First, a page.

Expert Advice And Information
As our older population increases so does the number of older people who own their own homes and consequently fail the means test for care and have to pay for it themselves. In fact the most recent research by the Liberal Democrats states that 70,000 homes are sold each year to pay for care. Despite this very few people seek professional advice on what is probably one of the largest financial commitments they have ever made - paying care home fees.
If you are paying privately for your care there is much to know to ensure you get what you are rightfully entitled to in the way of local authority or NHS or welfare benefits. There are also specially designed financial products that can undertake to meet the shortfall in income to cover the cost of care at the outset often requiring just a part of your capital to be utilised to meet care costs releasing the remainder for the eventual inheritance that so many older people wish to leave.
If you are privately paying for your care, you may find it helpful to speak to a specialist care funding adviser. They will be able to analyze your financial position and the funding options available to you to help ensure you receive the state support you are entitled to and that your care is affordable and help meet the fees for the rest of your life.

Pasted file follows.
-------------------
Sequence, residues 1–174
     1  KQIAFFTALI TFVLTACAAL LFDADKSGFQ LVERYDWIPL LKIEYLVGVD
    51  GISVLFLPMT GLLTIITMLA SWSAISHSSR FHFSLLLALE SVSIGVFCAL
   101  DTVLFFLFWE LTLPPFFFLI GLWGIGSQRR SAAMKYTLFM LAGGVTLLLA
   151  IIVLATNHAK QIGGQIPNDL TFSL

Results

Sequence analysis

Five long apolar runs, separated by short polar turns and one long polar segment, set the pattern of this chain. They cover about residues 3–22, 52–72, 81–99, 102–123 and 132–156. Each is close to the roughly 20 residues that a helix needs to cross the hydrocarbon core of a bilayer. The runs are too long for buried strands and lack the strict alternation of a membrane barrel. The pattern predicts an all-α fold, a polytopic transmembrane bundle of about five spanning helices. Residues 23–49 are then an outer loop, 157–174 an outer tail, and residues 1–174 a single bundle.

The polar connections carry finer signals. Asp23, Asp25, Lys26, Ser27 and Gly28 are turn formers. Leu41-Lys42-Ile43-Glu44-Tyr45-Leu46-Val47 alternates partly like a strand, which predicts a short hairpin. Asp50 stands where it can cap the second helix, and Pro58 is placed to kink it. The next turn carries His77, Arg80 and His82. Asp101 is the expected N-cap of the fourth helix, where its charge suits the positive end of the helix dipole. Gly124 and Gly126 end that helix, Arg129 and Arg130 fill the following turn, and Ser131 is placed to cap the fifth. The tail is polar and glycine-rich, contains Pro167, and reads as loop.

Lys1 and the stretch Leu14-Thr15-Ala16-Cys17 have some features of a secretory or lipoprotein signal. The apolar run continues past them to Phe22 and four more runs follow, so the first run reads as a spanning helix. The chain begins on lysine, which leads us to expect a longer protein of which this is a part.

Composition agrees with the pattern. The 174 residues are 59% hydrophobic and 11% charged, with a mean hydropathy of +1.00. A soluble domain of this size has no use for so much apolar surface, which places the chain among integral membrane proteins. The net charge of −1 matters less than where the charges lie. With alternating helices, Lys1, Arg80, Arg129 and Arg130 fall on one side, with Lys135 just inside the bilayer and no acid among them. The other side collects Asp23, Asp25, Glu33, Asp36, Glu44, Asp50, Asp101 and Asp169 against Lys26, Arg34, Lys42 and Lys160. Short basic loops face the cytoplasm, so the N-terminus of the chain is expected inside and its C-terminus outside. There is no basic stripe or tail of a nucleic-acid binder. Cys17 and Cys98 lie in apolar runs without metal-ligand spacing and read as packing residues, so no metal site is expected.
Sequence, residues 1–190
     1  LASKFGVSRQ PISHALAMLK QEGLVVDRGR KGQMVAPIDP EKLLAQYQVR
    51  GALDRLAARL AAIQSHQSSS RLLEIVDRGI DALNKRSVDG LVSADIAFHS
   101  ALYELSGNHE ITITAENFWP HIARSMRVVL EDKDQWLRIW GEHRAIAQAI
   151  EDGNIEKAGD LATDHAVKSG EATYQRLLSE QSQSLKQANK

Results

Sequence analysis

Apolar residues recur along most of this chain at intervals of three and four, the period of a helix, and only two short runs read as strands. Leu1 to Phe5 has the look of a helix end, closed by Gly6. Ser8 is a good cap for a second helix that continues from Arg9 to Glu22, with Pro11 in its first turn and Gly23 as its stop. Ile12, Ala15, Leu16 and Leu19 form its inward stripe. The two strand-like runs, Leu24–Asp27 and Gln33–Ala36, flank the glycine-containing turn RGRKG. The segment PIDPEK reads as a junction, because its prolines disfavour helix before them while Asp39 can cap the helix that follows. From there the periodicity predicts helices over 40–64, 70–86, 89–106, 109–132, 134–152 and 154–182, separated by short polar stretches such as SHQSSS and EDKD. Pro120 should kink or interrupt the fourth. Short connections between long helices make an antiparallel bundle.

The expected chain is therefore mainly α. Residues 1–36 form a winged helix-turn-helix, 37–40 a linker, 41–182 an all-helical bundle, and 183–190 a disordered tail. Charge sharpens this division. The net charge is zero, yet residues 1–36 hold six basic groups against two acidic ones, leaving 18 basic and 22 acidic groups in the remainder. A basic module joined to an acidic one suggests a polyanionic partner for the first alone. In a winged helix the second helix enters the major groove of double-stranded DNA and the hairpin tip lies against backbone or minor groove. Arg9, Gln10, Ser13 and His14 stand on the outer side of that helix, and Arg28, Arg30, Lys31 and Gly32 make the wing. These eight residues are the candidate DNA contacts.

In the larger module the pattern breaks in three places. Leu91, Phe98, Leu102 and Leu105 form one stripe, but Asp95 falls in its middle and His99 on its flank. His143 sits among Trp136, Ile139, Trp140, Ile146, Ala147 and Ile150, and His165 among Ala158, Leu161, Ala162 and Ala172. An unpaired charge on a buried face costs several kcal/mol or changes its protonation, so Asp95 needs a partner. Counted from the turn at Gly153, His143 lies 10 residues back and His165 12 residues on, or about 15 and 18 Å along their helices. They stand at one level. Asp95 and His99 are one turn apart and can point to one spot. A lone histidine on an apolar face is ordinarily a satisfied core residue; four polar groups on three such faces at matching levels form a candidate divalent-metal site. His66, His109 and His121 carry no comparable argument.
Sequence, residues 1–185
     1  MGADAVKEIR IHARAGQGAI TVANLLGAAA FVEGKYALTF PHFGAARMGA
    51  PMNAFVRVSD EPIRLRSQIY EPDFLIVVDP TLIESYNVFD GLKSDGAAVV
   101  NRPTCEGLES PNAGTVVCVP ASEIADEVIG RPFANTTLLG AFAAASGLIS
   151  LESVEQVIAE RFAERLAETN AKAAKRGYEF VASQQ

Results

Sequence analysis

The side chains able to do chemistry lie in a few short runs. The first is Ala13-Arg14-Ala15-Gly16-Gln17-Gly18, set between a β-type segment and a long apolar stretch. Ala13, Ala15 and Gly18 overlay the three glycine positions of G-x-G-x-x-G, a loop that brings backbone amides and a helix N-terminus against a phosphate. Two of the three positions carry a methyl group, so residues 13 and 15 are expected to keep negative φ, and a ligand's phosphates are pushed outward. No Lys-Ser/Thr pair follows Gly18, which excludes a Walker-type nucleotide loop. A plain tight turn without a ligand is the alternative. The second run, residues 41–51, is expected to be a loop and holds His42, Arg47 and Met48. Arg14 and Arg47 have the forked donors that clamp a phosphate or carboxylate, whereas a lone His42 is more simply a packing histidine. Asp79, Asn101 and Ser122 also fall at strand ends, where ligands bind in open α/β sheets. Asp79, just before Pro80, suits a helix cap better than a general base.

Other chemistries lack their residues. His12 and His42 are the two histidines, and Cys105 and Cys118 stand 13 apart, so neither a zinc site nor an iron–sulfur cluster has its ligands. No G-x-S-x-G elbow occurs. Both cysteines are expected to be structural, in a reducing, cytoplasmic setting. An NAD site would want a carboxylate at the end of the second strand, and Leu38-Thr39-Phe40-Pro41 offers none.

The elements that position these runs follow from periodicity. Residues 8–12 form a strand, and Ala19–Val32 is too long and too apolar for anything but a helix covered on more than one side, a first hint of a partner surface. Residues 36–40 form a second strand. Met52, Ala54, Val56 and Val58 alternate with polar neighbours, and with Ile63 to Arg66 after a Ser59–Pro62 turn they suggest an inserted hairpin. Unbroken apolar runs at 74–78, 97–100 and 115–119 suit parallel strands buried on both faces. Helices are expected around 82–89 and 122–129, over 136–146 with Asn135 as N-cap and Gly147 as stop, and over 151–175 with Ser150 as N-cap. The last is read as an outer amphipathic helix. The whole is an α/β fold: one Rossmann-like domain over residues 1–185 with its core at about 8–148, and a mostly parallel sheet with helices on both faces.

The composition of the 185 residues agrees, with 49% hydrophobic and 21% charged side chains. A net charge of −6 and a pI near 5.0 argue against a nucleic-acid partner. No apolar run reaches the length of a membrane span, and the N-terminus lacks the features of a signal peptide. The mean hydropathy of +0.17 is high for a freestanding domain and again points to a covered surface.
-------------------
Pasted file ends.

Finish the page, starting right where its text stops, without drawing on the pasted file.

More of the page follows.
The basic principle for the provision of community care is set out in the Governments 'White Paper' Caring for People. It states that anyone who needs health or social care because of problems associated with old age; mental illness or learning, physical or sensory disabilities should be able to obtain care services and support, tailored to their individual needs whether at home or in residential accommodation.
Instead of people having to seek out services and fit in with what is available, the services should be delivered to them and match their specific needs. Both users of services and carers should expect to be informed about services, support and options and be involved in the decisions that affect them.
The National Health Service and Community Care Act 1990 (NHSCCA) provides the framework for the assessment of care needs and the arrangement of services by the local authorities.
Application for an assessment can be made directly to your local social services department or through your GP or health consultant.
You are entitled to an assessment whether your care is going to be State funded or paid for privately. As a private funder, it is particularly useful to have an assessment of your needs if there is a chance that your financial resources might reduce to the level where you would be seeking funding from the council in the future. It would also, in these circumstances, be unwise to choose a care home that does not match your assessed needs as you would need to find a third party to top up your care fees if they were higher than the local authority would be prepared to pay.
Once you have been assessed as needing a care home place you will need to undergo a financial assessment to ascertain whether or not you are entitled to financial assistance towards your care home fees from the local authority. The rules relating to this are contained within the 'Charging for Residential Accommodation Guide' (CRAG) the main points of which are covered in the section Who Pays for What?
If you are assessed as privately paying, it may be worth speaking to a specialist care funding adviser to ensure that the assessment outcome is correct and that you receive the full support available to you.